There are four stages in the life of a book: writing, publishing, distributing and promoting. Giving birth to a book is like bringing a child into the world—you have an obligation to raise it. Fortunately, the book is not a twenty-year commitment and you do not have to send it to college. But, you do have to promote it.

You will write and promote your book and your publisher will produce and distribute it. You can deal with typesetters, printers and distributors yourself to get your finished book into the stores. You might as well self-publish.

Publishing increases the value. No one can be an expert in every book—some 100,000 titles are published each year. Everyone specializes or, at least, has a track record with certain categories of books. If you are turned down by an agent or publisher, that is not a reflection on the ability of the writer or the quality of the work. That agent or publisher just does not get it. With this New Model, if industry people fail to recognize the need and market for your book, it does not matter because your book is launched. It is out for review, it is be considered by book clubs and evaluated foreign publishers. If an agent or publisher “discovers” your book after you have proven it in the market, it is now worth more. For examples, see the sidebars.

This New Book Model is the best approach for you, your book and your writing future. Send your finished book to agents and publishers. Do not send a proposal, query letter or manuscript. Don’t let the agents and publishers hold you back.

Dan Poynter, the Voice of Self-Publishing, has written more than 100 books since 1969 including Writing Nonfiction and The Self-Publishing Manual. Dan is a past vice-president of the Publishers Marketing Association. For more help on book publishing and promoting, see http://ParaPub.com.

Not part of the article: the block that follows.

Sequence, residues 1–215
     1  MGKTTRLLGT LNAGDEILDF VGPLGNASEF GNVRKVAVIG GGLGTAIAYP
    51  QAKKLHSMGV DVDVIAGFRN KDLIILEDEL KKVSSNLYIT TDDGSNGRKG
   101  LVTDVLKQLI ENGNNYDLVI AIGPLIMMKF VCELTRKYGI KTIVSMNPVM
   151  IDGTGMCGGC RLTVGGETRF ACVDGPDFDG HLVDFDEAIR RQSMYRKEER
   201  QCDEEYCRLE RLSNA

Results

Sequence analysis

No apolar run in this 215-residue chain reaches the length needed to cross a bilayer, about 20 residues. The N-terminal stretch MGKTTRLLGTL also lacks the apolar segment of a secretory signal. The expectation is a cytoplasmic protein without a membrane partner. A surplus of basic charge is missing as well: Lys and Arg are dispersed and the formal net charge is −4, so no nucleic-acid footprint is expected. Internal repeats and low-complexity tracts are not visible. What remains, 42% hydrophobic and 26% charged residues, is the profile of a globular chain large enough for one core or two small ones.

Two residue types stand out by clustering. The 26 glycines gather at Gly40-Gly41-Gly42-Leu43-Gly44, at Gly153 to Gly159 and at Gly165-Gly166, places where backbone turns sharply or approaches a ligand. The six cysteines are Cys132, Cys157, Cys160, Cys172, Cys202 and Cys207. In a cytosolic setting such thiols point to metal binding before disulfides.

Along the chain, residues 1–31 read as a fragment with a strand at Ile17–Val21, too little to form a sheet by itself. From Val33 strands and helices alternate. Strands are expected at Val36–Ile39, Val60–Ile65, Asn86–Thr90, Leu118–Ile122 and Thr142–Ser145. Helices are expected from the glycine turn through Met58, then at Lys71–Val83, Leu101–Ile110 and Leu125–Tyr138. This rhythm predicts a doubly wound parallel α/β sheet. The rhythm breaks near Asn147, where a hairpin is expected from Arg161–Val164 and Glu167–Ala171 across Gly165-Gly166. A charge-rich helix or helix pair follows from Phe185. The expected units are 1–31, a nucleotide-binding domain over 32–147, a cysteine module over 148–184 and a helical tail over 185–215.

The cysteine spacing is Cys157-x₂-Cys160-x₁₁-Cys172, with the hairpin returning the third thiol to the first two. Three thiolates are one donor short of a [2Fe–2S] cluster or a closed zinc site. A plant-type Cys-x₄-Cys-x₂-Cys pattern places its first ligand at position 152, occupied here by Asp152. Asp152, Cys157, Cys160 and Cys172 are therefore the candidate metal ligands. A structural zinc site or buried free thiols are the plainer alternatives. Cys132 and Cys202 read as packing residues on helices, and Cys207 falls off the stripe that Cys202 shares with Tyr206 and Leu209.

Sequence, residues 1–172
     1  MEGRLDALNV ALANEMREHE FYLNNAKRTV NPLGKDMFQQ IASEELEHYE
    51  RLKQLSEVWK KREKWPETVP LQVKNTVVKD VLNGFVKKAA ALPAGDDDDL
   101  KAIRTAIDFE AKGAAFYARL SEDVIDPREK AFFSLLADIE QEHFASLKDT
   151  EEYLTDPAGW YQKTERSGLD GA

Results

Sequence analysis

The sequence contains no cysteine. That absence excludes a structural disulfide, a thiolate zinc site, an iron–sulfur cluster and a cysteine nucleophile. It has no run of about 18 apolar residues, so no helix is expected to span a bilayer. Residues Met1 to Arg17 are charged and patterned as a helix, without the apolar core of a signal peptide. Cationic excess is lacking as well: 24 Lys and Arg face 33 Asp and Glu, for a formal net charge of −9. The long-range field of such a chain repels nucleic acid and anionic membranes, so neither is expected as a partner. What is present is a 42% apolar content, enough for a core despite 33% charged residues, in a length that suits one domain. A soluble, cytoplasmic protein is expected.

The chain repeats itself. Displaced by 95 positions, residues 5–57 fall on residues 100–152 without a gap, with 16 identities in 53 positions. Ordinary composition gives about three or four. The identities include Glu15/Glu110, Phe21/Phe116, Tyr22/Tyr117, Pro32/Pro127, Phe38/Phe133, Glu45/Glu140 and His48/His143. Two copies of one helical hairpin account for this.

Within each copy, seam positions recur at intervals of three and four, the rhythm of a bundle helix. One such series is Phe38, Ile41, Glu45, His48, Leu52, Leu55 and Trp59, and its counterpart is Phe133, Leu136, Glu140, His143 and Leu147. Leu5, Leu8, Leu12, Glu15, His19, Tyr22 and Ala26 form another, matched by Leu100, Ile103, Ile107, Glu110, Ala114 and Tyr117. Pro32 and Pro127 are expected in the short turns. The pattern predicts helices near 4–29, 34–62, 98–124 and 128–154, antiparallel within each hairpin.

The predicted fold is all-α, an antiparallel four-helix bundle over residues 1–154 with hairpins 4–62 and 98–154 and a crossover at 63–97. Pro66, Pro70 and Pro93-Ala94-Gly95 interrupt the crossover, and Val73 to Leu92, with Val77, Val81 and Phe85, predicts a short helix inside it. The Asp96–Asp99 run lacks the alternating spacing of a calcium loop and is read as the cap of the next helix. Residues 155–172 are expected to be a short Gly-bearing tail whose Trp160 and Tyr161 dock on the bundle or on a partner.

Comments

  1. says

    This is a disappointing article, given the title. It isn’t at all about how to approach agents and publishers while self-publishing. It’s simple a list of arguments in favor of self-publishing. The one piece of advice that is relevant to the title is, “Send your finished book to agents and publishers. Do not send a proposal, query letter or manuscript.”

    Maybe things are different in nonfiction, but every agent and publisher who handles fiction that I know of says this is a guaranteed rejection. Why would you waste everyone’s time doing it? I would like to see an article that actually gives an author tips on how to balance self-publishing and traditional publishing, or how to move gracefully from one to the other.

  2. Dan Poynter says

    Agents and publishers want to make money.
    If you prove readers want your book, they will want it too.

    Richard Paul Evans (The Christmas Box-Sold to S&S for $4.2 million) was self-published first.

    Book publishing is changing.
    It is very difficult to get the attention of an agent or a publisher today.

    My article shows how to get into print sooner while giving the agents and publishers an opportunity to bid on your book.